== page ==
Defend Against Black Swans
I think this could be compressed into five principles, but Nassim Nicholas Taleb over at Financial Times has presented “Ten principles for a Black Swan-proof world.” For those that don’t know, Taleb coined the term black swan event to discuss unpredicted and abnormal events.1 I couldn’t agree with him more. Making institutions larger simply increases the risk to society at large and increasing the opportunity for black swan event to be catastrophic. And our country has become plagued by behemoths. I mean, why can Aptera build an affordable aerodynamic electric car, while GM, Ford and Chrysler struggle with cars that get 30 miles per gallon? I think the benefits of scale can become outweighed by an inability to innovate and maneuver. As many pundits have been saying, we’ve taken the worst aspects of socialism and capitalism and combined them to create a bizarre corporate welfare state. It could get worse though, is the amazing thing. William Greider argues just that point in a column at the Washington Post. I was disturbed in particular by this paragraph:
“A new regulatory regime that puts the secretive central bank in charge of everything would sanctify the policy of “too big to fail” that Fed officials have long followed but never honestly acknowledged. It would also revive the Wall Street club, albeit smaller than before, with which the Fed has been so cozy. If the largest bank holding companies are given privileged proximity to the source of government protection, then everyone in finance and commerce will want to become a bank holding company, too. We are already seeing this happening as former investment houses like Goldman Sachs and non-bank financial firms decide to join the system. Why not General Electric and Microsoft? Where does this end? What does it mean for smaller enterprises that lack the scale and influence?”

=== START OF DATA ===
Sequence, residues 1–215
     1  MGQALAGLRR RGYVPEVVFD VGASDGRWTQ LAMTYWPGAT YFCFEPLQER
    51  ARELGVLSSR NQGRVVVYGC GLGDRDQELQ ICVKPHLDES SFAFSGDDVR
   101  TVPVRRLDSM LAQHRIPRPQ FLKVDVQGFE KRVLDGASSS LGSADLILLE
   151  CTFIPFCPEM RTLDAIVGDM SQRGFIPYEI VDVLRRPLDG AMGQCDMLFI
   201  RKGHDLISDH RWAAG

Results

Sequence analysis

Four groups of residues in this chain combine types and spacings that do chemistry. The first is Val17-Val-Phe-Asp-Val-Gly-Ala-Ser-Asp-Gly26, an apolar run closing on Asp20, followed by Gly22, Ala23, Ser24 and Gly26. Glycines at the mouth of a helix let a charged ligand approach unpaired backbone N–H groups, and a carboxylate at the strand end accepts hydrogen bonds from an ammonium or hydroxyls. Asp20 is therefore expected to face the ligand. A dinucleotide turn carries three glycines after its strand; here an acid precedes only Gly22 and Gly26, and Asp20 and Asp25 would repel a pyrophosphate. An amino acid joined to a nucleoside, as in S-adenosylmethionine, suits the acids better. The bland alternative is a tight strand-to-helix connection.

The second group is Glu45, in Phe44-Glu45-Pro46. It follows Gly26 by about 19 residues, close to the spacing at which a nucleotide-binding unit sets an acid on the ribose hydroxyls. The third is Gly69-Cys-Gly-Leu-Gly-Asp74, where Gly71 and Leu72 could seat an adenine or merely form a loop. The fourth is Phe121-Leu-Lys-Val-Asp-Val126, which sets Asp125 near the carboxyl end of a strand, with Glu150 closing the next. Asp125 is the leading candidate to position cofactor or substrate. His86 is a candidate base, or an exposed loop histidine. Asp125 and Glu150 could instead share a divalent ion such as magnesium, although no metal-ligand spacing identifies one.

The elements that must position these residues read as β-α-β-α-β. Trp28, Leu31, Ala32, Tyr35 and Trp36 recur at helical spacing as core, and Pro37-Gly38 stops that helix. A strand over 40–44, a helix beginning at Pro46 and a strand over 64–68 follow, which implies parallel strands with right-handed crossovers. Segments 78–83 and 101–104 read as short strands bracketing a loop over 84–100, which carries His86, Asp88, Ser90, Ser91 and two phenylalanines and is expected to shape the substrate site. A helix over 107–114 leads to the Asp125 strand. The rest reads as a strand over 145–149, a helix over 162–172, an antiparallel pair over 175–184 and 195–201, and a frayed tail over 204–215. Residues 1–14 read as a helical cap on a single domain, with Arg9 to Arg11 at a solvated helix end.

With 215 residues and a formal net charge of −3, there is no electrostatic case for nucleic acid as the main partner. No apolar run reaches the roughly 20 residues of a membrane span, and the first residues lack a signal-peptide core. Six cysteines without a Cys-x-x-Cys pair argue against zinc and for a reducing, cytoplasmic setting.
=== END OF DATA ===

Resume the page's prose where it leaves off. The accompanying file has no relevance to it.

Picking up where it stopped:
The idea of a corporate state like the kind Greider is driving at is damn frightening. Regulation might bandage the wound today and in the near future, but the real problem is a market structure that persistently creates oligopolies. It stifles innovation and drives prices up. We need corporate reform.
For nearly 1500 years, it was an accepted idea that black swans did not exist. Black swans were “rediscovered” in Australia during the 18th century; hence the term black swan now indicates an unusual or hard to predict occurrence. ↩